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World J Gastroenterol. Mar 14, 2008; 14(10): 1617-1621
Published online Mar 14, 2008. doi: 10.3748/wjg.14.1617
Entecavir up-regulates dendritic cell function in patients with chronic hepatitis B
Gao-Feng Lu, Fu-Ai Tang, Peng-Yuan Zheng, Ping-Chang Yang, Yuan-Ming Qi
Gao-Feng Lu, Fu-Ai Tang, Peng-Yuan Zheng, Department of Gastroenterology, The Second Affiliated Hospital of Zhengzhou University, Zhengzhou 450014, Henan Province, China
Ping-Chang Yang, Department of Pathology and Molecular Medicine, McMaster University, Hamilton, Ontario L8S4L8, Canada
Yuan-Ming Qi, Department of Biological Engineering, Zhengzhou University, Zhengzhou 450052, Henan Province, China
Author contributions: Lu GF performed the research; Tang FA and Zheng PY designed the research; Lu GF and Yang PC wrote the paper; Qi YM contributed to the analytic tools.
Correspondence to: Peng-Yuan Zheng, Department of Gastroenterology, The Second Affiliated Hospital of Zhengzhou University, 2 Jingba Rd, Zhengzhou 450014, Henan Province, China. medp7123@yahoo.com
Telephone: +86-371-65261035
Fax: +86-371-63934118
Received: November 16, 2007
Revised: January 25, 2008
Published online: March 14, 2008


AIM: To investigate the in vitro effect of entecavir (ETV) on the function of dendritic cells (DCs) derived from chronic hepatitis B (CHB) patients.

METHODS: Mononuclear cells were isolated from peripheral blood of patients with CHB. DCs were incubated with RPMI-1640 medium supplemented with fetal bovine serum, IL-4, granulocyte-macrophage colony-stimulating factor (GM-CSF). DCs were treated with or without ETV on the fourth day. Cell surface molecules, including CD1a, CD80, CD83 and HLA-DR, were assessed by flow cytometry. Concentrations of IL-6 and IL-12 in the supernatant were assayed by enzyme-linked immunosorbent assay (ELISA). The ability of the generated DCs to stimulate lymphocyte proliferation was observed.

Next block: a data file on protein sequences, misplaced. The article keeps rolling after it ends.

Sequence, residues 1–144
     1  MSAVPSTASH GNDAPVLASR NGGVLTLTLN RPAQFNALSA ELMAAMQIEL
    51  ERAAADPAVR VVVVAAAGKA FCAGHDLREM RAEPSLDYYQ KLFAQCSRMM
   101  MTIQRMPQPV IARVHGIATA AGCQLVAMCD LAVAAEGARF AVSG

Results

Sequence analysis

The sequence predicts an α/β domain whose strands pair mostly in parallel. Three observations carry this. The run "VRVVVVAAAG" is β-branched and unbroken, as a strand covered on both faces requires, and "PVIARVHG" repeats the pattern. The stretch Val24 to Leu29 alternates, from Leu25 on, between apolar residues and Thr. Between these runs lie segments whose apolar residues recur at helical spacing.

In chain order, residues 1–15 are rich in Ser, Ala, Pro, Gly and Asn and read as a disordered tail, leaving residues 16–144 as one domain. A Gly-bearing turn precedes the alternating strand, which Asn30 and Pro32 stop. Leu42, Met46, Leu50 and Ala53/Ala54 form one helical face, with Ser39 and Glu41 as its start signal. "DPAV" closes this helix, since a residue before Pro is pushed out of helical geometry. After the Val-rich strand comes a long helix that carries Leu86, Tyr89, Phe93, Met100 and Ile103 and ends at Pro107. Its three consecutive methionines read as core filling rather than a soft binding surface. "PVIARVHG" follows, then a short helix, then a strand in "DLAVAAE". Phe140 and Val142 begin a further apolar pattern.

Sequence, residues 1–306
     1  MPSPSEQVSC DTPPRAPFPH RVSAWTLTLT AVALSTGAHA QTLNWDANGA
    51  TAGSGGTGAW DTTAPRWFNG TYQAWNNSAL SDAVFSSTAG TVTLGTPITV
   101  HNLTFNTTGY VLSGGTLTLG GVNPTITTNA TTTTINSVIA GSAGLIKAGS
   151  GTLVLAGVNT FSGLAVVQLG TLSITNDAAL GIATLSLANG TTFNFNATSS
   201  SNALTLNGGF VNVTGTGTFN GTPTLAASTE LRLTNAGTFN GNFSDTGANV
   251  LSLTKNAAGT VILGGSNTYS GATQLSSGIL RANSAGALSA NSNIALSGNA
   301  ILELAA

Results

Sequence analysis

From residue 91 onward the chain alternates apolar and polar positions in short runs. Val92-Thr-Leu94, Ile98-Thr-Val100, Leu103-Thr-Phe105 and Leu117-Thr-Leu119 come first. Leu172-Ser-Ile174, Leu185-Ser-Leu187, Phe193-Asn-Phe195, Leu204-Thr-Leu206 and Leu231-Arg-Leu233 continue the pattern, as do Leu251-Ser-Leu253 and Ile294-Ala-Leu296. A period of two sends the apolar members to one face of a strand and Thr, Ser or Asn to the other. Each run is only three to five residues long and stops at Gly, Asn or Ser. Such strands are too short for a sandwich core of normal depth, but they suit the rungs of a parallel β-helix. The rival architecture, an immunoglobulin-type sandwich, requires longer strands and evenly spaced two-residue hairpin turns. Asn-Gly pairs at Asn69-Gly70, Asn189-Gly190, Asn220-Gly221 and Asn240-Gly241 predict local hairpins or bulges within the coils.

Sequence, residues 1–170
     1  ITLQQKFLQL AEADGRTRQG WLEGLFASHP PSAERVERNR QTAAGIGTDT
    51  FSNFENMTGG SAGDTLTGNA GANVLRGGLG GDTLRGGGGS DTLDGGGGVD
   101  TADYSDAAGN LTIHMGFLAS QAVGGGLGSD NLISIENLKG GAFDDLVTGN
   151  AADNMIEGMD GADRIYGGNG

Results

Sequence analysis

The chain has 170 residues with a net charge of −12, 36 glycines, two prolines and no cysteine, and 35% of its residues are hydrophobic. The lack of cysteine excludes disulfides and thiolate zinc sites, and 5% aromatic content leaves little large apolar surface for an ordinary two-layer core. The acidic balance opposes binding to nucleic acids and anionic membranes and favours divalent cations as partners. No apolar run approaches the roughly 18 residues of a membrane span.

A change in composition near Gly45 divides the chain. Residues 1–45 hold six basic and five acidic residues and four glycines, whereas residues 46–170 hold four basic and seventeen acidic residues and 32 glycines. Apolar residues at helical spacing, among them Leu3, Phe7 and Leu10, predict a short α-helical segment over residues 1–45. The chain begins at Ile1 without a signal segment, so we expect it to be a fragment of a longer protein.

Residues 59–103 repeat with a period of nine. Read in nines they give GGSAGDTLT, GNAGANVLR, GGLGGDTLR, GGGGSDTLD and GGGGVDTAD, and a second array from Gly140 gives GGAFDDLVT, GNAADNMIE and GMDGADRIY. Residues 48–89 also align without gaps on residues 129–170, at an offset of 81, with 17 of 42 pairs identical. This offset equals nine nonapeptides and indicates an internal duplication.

RESULTS: Compared with CHB control group, the expression levels of CD1a (29.07 ± 3.20 vs 26.85 ± 2.80), CD83 (25.66 ± 3.19 vs 23.21 ± 3.10), CD80 (28.00 ± 2.76 vs 25.75 ± 2.51) and HLA-DR (41.96 ± 3.81 vs 32.20 ± 3.04) in ETV-treated group were higher (P < 0.05). ETV-treated group secreted significantly more IL-12 (157.60 ± 26.85 pg/mL vs 132.60 ± 22.00 pg/mL (P < 0.05) and had a lower level of IL-6 in the culture supernatant (83.05 ± 13.88 pg/mL vs 93.60 ± 13.61 pg/mL, P < 0.05) than CHB control group. The ability of DCs to stimulate the proliferation of allogeneic lymphocytes was increased in ETV-treated group compared with CHB control group (1.53 ± 0.09 vs 1.42 ± 0.08, P < 0.05).

CONCLUSION: Entecavir can enhance the biological activity of DCs derived from CHB patients.

Key Words: Chronic hepatitis B, Dendritic cell, Entecavir


Hepatitis B virus (HBV) infection is a global public health problem, and over 400 million people suffer from HBV infection worldwide currently[12]. Chronic HBV infection results from impaired antiviral immune response of the host that cannot produce sufficient competent specific cytotoxic T lymphocytes (CTL) to eliminate the invading virus[34]. However, its mechanism remains unclear. Dysfunction of dendritic cells (DCs) is regarded as one of the factors for chronic hepatitis B (CHB) infection[5]. DCs are crucial antigen-presenting cells responsible for initiating antiviral immune responses[67]. Thus, one of the methods to treat CHB infection is to enhance the antigen presentation function of DCs in CHB patients, yet the precise mechanism needs to be further understood.